USGS logo


The Climactic Eruption of May 18, 1980

Full fury

The climactic eruption in full fury in the late morning of May 18, 1980 (Photograph by Joseph Rosenbaum).

May 18, a Sunday, dawned bright and clear. At 7 a.m. Pacific Daylight Time (PDT), USGS volcanologist David A. Johnston, who had Saturday-night duty at an observation post about 6 miles north of the volcano, radioed in the results of some laser-beam measurements he had made moments earlier that morning. Even considering these measurements, the status of Mount St. Helens' activity that day showed no change from the pattern of the preceding month. Volcano-monitoring data--seismic, rate of bulge movement, sulfur-dioxide gas emission, and ground temperature--revealed no unusual changes that could be taken as warning signals for the catastrophe that would strike about an hour and a half later. About 20 seconds after 8:32 a.m. PDT, apparently in response to a magnitude 5.1 earthquake about 1 mile beneath the volcano, the bulged, unstable north flank of Mount St. Helens suddenly began to collapse, triggering a rapid and tragic train of events that resulted in widespread devastation and the loss of 57 people, including volcanologist Johnston.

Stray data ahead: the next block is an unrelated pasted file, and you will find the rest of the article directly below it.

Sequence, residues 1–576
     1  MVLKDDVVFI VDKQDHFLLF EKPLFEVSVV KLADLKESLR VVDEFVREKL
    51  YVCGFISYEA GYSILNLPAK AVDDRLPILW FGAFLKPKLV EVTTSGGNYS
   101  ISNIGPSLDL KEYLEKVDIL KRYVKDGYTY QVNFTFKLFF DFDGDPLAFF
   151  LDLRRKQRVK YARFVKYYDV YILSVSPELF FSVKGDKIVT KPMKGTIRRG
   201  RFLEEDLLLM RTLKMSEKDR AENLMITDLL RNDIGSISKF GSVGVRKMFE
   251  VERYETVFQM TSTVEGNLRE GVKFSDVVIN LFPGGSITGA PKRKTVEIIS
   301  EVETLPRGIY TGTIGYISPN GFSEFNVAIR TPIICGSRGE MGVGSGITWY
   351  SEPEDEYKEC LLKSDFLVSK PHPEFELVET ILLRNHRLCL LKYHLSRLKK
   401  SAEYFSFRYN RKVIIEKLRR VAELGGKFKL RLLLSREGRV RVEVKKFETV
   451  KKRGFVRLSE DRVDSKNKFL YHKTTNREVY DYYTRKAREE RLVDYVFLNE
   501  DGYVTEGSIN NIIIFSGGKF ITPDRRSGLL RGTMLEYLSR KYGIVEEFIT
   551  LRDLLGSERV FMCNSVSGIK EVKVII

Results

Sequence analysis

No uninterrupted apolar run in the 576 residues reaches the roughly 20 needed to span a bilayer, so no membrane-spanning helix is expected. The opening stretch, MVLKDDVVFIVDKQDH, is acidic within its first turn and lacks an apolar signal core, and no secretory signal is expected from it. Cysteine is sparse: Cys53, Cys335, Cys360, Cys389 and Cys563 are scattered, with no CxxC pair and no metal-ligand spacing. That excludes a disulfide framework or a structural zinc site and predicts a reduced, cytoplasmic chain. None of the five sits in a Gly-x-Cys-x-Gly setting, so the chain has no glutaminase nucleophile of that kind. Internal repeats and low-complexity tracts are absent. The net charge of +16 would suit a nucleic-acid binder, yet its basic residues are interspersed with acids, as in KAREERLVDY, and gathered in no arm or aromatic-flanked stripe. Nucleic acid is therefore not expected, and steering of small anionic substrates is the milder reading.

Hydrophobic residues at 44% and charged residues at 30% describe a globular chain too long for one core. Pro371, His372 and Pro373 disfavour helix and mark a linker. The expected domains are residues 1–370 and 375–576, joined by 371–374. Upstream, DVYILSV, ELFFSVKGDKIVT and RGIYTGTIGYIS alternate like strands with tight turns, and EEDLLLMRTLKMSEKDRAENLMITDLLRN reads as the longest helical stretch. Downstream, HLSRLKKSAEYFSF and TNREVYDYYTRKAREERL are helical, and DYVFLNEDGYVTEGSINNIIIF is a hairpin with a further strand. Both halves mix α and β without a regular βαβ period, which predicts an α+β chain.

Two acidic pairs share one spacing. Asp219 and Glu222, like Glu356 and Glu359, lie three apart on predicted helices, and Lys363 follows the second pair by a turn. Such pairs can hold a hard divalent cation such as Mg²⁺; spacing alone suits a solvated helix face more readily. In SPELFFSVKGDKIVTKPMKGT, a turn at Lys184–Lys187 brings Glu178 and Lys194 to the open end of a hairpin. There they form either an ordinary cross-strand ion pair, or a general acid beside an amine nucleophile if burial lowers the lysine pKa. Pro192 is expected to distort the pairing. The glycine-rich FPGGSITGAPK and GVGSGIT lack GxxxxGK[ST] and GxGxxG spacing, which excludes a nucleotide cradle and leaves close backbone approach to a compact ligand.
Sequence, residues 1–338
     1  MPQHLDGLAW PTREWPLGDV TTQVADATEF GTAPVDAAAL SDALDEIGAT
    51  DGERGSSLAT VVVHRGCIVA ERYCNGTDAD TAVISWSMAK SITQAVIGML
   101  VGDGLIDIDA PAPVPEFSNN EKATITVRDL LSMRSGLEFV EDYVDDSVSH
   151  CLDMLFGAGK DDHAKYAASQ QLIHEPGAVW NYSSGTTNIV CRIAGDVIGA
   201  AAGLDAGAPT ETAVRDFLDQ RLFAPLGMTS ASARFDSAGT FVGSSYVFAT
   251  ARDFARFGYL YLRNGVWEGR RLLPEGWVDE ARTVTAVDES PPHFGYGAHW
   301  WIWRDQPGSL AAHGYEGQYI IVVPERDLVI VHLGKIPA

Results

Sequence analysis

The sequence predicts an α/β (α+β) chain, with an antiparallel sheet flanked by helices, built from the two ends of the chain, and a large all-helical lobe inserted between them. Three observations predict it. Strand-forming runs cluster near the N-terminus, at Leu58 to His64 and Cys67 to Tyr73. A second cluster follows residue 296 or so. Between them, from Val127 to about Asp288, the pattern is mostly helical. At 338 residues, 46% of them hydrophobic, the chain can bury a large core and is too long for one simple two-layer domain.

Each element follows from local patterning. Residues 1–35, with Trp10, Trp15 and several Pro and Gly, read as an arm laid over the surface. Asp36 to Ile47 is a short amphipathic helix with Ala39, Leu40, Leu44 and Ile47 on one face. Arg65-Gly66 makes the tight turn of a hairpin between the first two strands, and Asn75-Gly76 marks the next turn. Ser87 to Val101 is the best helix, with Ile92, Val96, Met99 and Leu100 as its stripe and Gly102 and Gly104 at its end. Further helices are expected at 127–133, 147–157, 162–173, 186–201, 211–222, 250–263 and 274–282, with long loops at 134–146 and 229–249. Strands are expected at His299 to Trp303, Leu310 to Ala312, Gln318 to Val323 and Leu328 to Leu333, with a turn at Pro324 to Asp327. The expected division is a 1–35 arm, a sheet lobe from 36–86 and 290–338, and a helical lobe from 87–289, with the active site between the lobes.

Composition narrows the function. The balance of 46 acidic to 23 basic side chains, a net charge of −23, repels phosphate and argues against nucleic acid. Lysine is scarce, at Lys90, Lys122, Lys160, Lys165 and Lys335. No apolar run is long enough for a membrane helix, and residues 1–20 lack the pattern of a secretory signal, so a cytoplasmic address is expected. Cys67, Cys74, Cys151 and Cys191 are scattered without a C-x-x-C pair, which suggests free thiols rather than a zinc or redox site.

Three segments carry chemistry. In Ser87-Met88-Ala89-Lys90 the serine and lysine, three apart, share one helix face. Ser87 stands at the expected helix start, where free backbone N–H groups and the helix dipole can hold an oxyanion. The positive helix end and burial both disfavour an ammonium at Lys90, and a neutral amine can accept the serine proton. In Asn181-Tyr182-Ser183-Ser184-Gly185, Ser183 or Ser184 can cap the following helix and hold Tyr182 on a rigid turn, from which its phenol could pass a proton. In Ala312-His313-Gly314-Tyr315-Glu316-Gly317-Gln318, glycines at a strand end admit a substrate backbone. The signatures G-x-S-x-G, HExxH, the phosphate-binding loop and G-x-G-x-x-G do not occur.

Reawakening and Initial Activity

Debris avalanche


URL: <>
Contact: John Watson

Last updated: 06.25.97